THE DIGITAL REPOSITORY FOR THE BLACK EXPERIENCE
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Ruth Brett Quarles devoted her life to working with others. Born November 23, 1914 in Winton, North Carolina, as the second of seven children, her mother was a homemaker and her father, an independent farmer. After graduating as valedictorian of her high school class, Quarles attended Shaw University, where she earned her A.B. in 1935 and graduated the top of her class. She earned her M.A. from the Hartford Seminary Foundation the following year, and later returned to school, earning an Ed.D. from Columbia University in 1945.
Quarles began her professional career in 1936 as assistant to the dean of women at Spelman College. In 1938, she became the dean of women at Dillard University, and in 1942, the dean of students at Bennett College. In 1944, she took a position as the associate personnel director at Tuskegee Institute, and in 1949, she became a volunteer with the American Friends Service Committee at the University of Munich, where she worked with displaced German refugees in the aftermath of World War II. Quarles was named the dean of students at Fisk University in 1951, and in 1956, she went to Morgan State University, where she remained until her retirement in 1980. While at Morgan State, she held a variety of posts, including serving as the coordinator of student personnel services and the director of counseling and academic advising.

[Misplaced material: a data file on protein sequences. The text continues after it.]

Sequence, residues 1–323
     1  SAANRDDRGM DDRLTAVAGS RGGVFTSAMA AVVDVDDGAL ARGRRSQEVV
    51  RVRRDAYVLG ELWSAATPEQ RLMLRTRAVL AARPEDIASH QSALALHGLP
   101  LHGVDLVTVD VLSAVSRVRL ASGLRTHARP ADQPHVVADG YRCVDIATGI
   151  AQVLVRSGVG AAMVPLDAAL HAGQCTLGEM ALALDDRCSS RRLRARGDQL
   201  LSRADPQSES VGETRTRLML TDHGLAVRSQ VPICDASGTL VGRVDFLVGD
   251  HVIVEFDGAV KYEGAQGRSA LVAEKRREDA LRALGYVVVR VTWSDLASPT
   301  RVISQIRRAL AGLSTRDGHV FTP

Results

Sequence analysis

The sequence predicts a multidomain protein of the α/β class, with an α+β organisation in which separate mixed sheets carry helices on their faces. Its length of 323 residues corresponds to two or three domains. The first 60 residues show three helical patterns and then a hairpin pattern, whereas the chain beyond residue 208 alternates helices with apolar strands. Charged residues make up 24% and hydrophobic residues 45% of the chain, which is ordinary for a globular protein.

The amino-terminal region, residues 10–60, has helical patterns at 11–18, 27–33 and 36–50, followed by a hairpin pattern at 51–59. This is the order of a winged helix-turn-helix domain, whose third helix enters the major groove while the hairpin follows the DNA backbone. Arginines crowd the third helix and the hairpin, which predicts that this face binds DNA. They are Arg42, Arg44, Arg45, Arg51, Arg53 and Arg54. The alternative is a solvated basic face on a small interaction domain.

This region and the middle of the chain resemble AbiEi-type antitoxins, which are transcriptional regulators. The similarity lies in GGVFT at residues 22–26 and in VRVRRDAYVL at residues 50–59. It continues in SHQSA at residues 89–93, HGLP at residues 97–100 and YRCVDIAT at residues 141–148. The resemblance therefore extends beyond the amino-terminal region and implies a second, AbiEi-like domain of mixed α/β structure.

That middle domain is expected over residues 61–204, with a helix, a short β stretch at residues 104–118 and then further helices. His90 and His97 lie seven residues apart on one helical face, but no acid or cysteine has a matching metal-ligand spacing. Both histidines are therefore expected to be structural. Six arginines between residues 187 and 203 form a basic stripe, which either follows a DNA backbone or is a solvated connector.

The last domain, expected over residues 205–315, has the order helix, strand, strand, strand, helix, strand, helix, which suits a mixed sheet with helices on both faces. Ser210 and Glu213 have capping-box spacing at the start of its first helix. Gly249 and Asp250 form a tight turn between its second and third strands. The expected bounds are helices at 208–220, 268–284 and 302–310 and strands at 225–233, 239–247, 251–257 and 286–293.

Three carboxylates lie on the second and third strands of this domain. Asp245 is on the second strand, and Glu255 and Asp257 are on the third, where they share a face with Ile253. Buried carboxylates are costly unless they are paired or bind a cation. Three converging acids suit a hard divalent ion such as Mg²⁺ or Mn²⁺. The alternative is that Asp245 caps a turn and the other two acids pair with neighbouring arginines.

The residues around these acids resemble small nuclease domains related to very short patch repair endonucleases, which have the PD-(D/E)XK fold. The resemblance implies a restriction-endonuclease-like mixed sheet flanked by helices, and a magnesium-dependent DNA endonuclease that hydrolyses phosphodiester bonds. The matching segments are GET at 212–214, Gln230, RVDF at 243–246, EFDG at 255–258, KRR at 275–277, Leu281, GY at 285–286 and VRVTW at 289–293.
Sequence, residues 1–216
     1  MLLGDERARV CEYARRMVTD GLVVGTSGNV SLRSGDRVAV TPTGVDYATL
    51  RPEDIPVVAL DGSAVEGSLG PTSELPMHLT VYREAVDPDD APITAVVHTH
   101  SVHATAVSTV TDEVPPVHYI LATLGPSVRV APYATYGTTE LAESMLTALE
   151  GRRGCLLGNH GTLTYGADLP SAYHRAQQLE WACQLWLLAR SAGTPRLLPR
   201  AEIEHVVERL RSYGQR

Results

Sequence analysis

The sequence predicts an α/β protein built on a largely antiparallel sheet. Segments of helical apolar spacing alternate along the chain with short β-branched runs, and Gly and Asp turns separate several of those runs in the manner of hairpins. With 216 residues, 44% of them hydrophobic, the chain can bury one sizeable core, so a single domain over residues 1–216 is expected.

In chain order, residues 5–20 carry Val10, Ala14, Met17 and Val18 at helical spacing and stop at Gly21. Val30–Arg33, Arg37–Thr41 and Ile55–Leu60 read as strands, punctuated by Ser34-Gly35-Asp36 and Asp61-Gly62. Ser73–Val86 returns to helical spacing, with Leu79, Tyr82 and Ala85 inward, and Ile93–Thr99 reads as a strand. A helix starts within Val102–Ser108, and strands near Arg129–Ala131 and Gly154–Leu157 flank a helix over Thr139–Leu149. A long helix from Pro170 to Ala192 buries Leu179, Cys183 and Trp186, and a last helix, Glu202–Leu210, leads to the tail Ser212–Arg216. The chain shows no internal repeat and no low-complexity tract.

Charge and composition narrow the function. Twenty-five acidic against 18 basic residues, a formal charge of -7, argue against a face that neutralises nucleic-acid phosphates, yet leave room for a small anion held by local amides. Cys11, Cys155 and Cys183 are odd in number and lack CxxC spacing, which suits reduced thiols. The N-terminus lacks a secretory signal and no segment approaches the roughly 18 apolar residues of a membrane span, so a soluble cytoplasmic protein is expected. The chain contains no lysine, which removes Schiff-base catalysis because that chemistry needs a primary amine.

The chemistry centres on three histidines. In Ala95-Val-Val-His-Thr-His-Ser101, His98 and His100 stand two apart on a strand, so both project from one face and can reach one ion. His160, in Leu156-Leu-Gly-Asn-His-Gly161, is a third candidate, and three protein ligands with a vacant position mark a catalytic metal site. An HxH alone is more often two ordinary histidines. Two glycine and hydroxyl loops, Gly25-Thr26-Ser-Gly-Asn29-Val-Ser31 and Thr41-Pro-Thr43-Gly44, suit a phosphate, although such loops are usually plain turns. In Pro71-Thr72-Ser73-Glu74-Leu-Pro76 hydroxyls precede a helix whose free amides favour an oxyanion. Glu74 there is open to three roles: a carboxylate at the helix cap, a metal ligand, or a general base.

Quarles’ career involvement included being the first African American to sit on the Commission on Education of Women, as well as serving on the national board of directors of the YWCA of America and the National Association of Women Deans and Counselors (NAWDAC). In 1982, NAWDAC sponsored the Ruth Brett Symposium at the University of Maryland to celebrate her long career and dedication to service. Quarles has been listed in Who’s Who Among American Women, Who’s Who Among Black Americans and Who’s Who Among American College and University Administrators. She was married to the late historian and scholar Benjamin A. Quarles, who passed away in 1996.
Quarles passed away on January 16, 2007.
Quarles was interviewed by The HistoryMakers on November 11, 2003.